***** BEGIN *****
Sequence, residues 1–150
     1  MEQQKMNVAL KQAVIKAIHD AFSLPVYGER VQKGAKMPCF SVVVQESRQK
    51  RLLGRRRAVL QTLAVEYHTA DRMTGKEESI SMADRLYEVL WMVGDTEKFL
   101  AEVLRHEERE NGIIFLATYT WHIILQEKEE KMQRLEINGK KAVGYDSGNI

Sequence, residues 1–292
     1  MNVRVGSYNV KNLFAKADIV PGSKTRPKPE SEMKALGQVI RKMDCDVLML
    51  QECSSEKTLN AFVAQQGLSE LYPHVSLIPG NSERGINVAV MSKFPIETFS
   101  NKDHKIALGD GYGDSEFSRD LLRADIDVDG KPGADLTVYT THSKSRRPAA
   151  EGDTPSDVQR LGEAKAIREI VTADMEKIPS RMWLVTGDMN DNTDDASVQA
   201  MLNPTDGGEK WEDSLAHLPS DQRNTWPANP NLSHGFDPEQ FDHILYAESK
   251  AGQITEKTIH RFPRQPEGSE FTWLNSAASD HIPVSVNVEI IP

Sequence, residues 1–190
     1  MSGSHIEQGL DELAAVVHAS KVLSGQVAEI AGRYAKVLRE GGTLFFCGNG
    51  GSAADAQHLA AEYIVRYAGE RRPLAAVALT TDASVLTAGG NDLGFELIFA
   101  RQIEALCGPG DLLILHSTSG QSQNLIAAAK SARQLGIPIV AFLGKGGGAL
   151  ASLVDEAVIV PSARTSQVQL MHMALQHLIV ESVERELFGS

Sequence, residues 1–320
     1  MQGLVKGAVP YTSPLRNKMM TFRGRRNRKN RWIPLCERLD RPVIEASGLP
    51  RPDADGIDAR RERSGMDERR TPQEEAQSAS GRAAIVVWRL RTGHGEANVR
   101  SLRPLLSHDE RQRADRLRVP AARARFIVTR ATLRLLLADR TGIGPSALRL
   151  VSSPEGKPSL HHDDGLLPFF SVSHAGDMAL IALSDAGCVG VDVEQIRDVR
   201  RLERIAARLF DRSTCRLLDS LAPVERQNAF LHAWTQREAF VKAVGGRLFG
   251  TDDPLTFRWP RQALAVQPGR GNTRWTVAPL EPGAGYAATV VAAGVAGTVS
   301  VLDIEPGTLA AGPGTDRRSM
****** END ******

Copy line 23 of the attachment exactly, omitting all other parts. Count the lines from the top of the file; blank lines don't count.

   251  TDDPLTFRWP RQALAVQPGR GNTRWTVAPL EPGAGYAATV VAAGVAGTVS